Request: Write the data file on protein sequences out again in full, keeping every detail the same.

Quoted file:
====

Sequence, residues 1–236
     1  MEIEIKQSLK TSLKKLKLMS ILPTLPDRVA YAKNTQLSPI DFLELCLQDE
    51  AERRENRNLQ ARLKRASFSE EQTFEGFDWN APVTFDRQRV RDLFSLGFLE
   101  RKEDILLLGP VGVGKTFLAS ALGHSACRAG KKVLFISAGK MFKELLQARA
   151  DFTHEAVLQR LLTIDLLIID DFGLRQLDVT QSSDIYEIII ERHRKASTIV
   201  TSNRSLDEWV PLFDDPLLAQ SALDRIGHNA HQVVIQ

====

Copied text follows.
Sequence, residues 1–236
     1  MEIEIKQSLK TSLKKLKLMS ILPTLPDRVA YAKNTQLSPI DFLELCLQDE
    51  AERRENRNLQ ARLKRASFSE EQTFEGFDWN APVTFDRQRV RDLFSLGFLE
   101  RKEDILLLGP VGVGKTFLAS ALGHSACRAG KKVLFISAGK MFKELLQARA
   151  DFTHEAVLQR LLTIDLLIID DFGLRQLDVT QSSDIYEIII ERHRKASTIV
   201  TSNRSLDEWV PLFDDPLLAQ SALDRIGHNA HQVVIQ